RR: What’s running through your mind when you’re on stage? Do you get into a trance? Do you feel different? Are you outside of yourself the whole time?
MF: Sometimes, I definitely go outside of my body and myself. There are times when you are so in the moment that nothing else around you matters. You’re not concerned about if you just played a bad note. You’re not concerned about what you’re going to be doing after the show or two weeks from now. You’re just right there perfectly in the moment and you feel a spiritual connectedness with yourself, the music and other people.
There’s other times when I’m up there and I’m thinking ahead, “Fuck—I hope I can remember the third verse.” (laughter) I’m usually in the “I hope I can remember the third verse” frame of mind.
RR: Do you ever look out at the crowd and get distracted?
MF: Sometimes. It’s usually if I’m playing in a small setting, like an acoustic thing in a small club. I’ll look out into the crowd and something will be very distracting to me. If I start to forget, I’ll just make lyrics up, which are usually better than the ones I wrote. (laughter)
RR: Let’s talk about your new film, I Know I’m Not Alone. You’ve had multiple screenings, including one in the land of Shakespeare festivals, Ashland, Oregon.
MF: The reason I called the film I Know I’m Not Alone is that during the last five years, I’ll listen to the radio, I don’t have a T.V. at home but if I’m in a hotel room, I’ll watch television and I’ll get so frustrated and say, “I wish things could be different but I don’t have any idea about how to change them.” I feel totally powerless and I feel like, man, am I the only person in the world who thinks that we would make the world a better place by not creating more enemies with our military? Maybe the world would be a better place if we spent some of that money that we spend on the military on things in this country that are sorely needed like healthcare, education and taking care of the neighborhoods that need help. So, there are times when I really feel alone.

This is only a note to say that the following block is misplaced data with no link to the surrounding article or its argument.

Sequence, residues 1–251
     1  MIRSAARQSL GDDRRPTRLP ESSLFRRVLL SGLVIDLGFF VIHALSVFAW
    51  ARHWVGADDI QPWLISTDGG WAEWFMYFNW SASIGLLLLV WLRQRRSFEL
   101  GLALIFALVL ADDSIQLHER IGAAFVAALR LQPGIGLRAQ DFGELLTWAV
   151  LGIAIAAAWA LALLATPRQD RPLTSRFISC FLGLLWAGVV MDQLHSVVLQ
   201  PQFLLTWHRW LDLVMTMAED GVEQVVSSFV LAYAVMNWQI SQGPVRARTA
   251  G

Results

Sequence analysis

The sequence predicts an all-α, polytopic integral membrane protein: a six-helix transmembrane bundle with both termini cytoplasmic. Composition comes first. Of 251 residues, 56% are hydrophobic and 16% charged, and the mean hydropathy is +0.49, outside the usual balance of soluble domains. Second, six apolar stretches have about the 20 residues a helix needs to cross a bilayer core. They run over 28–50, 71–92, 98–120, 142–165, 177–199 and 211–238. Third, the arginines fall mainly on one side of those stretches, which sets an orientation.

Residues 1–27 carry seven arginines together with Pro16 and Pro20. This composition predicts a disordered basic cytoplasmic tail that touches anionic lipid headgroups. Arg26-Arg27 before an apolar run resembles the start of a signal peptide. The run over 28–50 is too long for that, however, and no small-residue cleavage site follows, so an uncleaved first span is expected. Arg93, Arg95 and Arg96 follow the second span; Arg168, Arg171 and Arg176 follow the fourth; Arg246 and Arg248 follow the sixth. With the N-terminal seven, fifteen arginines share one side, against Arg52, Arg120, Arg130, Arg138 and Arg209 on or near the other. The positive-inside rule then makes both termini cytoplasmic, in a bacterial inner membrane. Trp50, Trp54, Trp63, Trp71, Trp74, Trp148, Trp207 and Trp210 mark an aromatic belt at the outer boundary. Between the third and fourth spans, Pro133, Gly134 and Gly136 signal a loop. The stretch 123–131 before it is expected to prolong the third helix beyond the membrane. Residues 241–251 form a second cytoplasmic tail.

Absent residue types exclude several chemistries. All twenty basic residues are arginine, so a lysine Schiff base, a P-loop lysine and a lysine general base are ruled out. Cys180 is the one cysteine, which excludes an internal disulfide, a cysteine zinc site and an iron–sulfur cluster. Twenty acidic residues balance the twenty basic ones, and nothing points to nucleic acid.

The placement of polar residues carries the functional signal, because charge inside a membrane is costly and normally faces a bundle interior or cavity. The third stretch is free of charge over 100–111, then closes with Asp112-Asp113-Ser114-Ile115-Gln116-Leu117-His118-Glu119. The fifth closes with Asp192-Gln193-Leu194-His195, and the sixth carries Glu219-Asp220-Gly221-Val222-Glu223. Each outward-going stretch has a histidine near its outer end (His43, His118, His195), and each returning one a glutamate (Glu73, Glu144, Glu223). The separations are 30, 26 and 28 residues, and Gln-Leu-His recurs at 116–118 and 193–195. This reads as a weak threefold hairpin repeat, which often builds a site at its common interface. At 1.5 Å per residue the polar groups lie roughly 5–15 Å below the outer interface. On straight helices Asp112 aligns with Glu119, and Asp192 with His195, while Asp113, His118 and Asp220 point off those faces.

As I went to the Middle East and traveled throughout Baghdad, Israel and Palestine and came back and traveled around this country and talked to people about it, I realized that I’m not alone. There are millions and millions and billions of people on the planet that want to do everything possible to create peace, economic stability, social justice and environmental sustainability for this planet. Going to the Middle East and making this film was a personal pilgrimage for me to try to connect with the realities of war and to see if there was anything I could do to help create peace. The answer I came up with was to make a film.
RR: How has the film been received?